Charles Darwin University

CDU eSpace
Institutional Repository

 
CDU Staff and Student only
 

Nest site selection of the house crow (Corvus splendens), an urban invasive bird species in Singapore and implications for its management

Soh, M. C. K., Sodhi, Navjot S., Seoh, R. K. H. and Brook, Barry W. (2002). Nest site selection of the house crow (Corvus splendens), an urban invasive bird species in Singapore and implications for its management. Landscape and Urban Planning,59(4):217-226.

Document type: Journal Article
Citation counts: Scopus Citation Count Cited 21 times in Scopus Article | Citations

Google Scholar Search Google Scholar

Title Nest site selection of the house crow (Corvus splendens), an urban invasive bird species in Singapore and implications for its management
Author Soh, M. C. K.
Sodhi, Navjot S.
Seoh, R. K. H.
Brook, Barry W.
Journal Name Landscape and Urban Planning
Publication Date 2002
Volume Number 59
Issue Number 4
ISSN 0169-2046   (check CDU catalogue open catalogue search in new window)
Scopus ID 2-s2.0-0037172388
Start Page 217
End Page 226
Total Pages 10
Place of Publication Amsterdam
Publisher Elsevier
HERDC Category C1 - Journal Article (DEST)
Abstract The house crow (Corvus splendens) has reached pest proportions in Singapore and requires an integrated system of population control measures. One such crucial component, possibly reducing its breeding success, was the focus of our study. We compared the nest sites (n=30) of the house crow with randomly selected sites (n=30) to determine which environmental variables, if any, are indicative of preferred nest sites. The chi-squared test revealed the yellow flame tree (Peltophorum pterocarpum) to be the preferred tree species used for nesting. We formulated our model based on 11 preselected variables using binary logistic regression and evaluated the strength of support for each model (relative to all other models) using the second order model selection criterion AICc. The results indicate that house crows selected nests in areas that were more urbanised and open, with higher disturbance, nearer bin centres and food centres, and nested in trees that had larger crown volume, density and diameter. Based on these results, we suggest that urban managers can alter the landscape characteristics to make them less conducive for nesting crows. Such measures might include minor adjustments to the design of existing bin centres to prevent crows from entering, planting alternative, less suitable tree species in future, and regular pruning of trees with larger and denser crowns.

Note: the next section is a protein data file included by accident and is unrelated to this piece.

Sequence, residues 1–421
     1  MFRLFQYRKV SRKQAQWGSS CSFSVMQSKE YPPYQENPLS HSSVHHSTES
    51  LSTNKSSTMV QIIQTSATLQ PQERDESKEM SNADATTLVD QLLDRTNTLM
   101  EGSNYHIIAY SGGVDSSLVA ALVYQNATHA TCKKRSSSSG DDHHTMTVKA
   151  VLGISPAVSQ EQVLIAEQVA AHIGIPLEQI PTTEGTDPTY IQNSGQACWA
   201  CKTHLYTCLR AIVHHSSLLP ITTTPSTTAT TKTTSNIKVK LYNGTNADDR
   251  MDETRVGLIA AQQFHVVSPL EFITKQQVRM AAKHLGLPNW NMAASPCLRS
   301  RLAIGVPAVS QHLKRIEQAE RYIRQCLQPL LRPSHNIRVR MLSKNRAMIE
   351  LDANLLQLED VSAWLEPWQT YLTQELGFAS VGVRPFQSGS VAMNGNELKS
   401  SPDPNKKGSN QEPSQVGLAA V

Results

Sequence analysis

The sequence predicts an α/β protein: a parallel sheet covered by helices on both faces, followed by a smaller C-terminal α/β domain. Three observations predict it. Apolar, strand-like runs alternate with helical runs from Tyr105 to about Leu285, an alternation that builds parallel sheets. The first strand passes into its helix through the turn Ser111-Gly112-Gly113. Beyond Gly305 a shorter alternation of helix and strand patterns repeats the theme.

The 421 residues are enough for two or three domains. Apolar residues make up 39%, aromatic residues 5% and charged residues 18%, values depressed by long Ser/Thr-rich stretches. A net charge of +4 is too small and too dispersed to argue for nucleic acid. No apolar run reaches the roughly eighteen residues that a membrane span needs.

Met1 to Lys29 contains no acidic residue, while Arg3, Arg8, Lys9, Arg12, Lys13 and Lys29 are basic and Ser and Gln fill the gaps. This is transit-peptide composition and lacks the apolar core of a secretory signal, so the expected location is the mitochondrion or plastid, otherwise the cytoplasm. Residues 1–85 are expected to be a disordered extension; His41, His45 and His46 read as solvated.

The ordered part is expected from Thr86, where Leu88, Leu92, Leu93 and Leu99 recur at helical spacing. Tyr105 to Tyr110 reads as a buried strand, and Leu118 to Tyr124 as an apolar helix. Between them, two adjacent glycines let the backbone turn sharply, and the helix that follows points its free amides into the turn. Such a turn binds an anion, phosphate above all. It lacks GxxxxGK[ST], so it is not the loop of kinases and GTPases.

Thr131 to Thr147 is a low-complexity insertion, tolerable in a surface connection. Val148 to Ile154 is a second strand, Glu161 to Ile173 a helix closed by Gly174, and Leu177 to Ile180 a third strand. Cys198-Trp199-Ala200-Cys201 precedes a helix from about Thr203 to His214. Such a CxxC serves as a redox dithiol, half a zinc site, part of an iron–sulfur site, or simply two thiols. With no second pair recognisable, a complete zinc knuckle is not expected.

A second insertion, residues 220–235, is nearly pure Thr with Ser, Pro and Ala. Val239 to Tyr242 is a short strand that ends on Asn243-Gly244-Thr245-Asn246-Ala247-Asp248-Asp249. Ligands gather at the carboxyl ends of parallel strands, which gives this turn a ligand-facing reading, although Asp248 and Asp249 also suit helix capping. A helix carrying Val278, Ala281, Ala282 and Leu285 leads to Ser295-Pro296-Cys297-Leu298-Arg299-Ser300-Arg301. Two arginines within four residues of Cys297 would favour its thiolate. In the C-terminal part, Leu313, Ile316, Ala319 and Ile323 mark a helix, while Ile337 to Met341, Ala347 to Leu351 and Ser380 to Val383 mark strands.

DOI http://dx.doi.org/10.1016/S0169-2046(02)00047-6   (check subscription with CDU E-Gateway service for CDU Staff and Students  check subscription with CDU E-Gateway in new window)
 
Versions
Version Filter Type
Access Statistics: 59 Abstract Views  -  Detailed Statistics
Created: Fri, 12 Sep 2008, 08:35:25 CST by Administrator